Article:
John’s gospel paints a heart-wrenching portrait of this very truth. Toward the end of John’s narrative, a bruised and bloodied Jesus is trotted out before a mob. He is clad only in a silly purple cloak and a thorny crown. They are mocking him. “Here’s your poser-king!” is the intended jest. “Here’s the fool who thought he could take the throne!” Yet even here, amid the mockery, Pilate’s introduction of the dress-up king says it all. In the Latin language, his statement can be boiled down to just two words: Ecce homo. “Behold the man.”
He doesn’t ask them to behold a man. He says, behold the man. Behold the human. And without knowing it, the Roman thug has identified Jesus for who he really is. He is the true representative of the entire human race. He is the true Adam whose actions will affect the world in an even more dramatic fashion. He is also the true Israel who will now fulfill the calling of the covenant. Behold the man. And behold the king! Like David his forefather, Jesus is going to battle without armor, on behalf of the people, and their fate is bound up inextricably with his own. This is the fight we’ve been waiting for. It is the decisive battle to secure salvation for God’s people. Behold the man!
In the searing image of a bloody king, we begin to glimpse the true meaning of the cross. There is love and logic there, if only in hints and hushed whispers. The cross is where God acted decisively to deal with the evil infecting his good creation. He acted. And he did so through the only vessel strong enough to bear the blow: his Son, the second Adam, the Author-Actor who did what only God could do and paid what only man could pay. Behold the man!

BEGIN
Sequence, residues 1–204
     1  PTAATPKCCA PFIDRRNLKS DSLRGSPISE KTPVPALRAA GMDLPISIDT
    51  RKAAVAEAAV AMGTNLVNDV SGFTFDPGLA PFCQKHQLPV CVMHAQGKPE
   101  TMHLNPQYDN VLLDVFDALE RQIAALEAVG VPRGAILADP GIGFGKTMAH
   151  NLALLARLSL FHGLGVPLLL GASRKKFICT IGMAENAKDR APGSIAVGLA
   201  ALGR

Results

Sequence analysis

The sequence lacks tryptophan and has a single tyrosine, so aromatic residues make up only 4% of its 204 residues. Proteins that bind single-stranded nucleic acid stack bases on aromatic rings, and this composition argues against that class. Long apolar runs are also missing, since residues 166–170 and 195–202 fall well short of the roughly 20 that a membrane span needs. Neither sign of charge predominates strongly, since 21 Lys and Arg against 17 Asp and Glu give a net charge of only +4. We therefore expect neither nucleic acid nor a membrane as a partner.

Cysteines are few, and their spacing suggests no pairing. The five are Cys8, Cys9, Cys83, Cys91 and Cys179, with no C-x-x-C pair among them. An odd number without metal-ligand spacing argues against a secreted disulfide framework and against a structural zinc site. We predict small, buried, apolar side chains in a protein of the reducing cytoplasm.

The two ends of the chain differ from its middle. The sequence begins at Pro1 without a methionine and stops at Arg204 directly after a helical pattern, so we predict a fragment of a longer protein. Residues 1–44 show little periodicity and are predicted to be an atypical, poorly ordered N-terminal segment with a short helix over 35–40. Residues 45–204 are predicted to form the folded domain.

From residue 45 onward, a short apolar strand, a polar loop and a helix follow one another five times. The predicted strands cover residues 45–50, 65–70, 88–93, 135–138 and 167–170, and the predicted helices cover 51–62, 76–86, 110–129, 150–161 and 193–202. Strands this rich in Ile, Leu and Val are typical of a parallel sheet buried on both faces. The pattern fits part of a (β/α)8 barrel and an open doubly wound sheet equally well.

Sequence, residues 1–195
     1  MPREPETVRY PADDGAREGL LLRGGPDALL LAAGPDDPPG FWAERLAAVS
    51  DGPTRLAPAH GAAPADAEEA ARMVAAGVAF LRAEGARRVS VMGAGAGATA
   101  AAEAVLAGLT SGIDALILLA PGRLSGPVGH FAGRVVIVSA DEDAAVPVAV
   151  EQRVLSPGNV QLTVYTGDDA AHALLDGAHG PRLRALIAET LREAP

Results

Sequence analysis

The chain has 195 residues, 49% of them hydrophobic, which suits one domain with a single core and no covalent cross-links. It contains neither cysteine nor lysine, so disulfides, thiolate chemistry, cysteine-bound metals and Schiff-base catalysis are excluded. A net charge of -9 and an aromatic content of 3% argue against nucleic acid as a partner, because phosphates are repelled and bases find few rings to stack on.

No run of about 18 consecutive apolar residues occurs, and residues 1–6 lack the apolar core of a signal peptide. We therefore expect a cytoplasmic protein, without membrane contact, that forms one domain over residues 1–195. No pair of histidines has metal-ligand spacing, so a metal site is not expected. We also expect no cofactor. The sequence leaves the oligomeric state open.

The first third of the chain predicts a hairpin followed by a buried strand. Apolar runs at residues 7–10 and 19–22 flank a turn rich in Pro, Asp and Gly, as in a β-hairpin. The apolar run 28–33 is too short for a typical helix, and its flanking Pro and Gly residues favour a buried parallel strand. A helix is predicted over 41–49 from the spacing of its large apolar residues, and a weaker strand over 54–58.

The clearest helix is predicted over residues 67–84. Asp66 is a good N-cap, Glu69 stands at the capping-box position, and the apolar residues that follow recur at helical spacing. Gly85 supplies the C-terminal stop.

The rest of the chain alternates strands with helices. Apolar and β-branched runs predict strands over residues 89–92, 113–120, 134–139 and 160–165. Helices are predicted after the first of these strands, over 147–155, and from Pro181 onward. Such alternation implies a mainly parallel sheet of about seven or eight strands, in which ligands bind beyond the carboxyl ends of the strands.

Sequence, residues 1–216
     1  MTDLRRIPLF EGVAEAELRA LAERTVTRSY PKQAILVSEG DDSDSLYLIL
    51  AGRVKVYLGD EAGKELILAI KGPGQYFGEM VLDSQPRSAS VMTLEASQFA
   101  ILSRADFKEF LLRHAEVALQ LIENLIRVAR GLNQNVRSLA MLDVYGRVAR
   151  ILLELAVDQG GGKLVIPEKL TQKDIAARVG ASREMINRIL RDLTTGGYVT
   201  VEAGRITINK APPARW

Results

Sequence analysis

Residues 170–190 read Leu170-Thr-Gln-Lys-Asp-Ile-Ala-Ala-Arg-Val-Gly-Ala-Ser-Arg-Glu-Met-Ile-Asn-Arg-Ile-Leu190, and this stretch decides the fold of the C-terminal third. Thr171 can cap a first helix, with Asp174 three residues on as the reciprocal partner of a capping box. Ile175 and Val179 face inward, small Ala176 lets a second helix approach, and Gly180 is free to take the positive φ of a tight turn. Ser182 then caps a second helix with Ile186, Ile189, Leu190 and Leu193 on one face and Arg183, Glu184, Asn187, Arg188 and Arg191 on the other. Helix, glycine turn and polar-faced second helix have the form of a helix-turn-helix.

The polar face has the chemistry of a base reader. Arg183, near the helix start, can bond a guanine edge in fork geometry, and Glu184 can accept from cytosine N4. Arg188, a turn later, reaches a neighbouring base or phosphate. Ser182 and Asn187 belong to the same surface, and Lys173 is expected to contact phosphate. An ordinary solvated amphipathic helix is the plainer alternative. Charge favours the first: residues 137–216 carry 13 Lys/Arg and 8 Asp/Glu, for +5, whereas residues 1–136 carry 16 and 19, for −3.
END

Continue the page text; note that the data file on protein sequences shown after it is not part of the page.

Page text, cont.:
This is but one facet of the cross’s meaning. It was the field of combat where an unlikely revolutionary— God in human flesh—secured the Creator’s victory for all time. What happened there dwarfs our theories and defies our every attempt to distill its meaning. Yet if we believe the Scriptures, the crushing, freeing claim of the Bible is that one dark Friday, the Author of God’s plotline allowed the cruelest twist of plot to waste itself on him. And because of this, the early followers of Jesus came to believe that in a very real sense, evil had been swallowed up in love. It is paradoxical that we could live forgiven because God died condemned. It is madness in a way. Yet as even Nietzsche knew: “There is always some madness in love. And there is always some reason in madness.”
The cross reminds us this is true. It tells us that our sin is serious. It is so ugly that God would have to die to make it beautiful. But the Jesus chapter doesn’t end just yet.
This video and article are an except from Long Story Short: The Bible in Six Simple Movements by Josh McNall. The study is perfect for: 1) Newcomers classes 2) College or Young Adult Ministry 3) Home groups 4) Neighborhood Bible studies 5) Sunday School. As you walk through this book, you will: Learn the big story of Scripture as a seamless whole; engage with a highly readable book; be challenged to think about familiar stories of the Bible in fresh ways. | “Joshua McNall in his engaging and witty little book Long Story Short, can help you understand the storied world in and of the Bible, and perhaps more importantly help you understand how actually you are in the story, and you must embrace it as yours.” (Dr. Ben Witherington III) Get the book + DVD or streaming from our store here.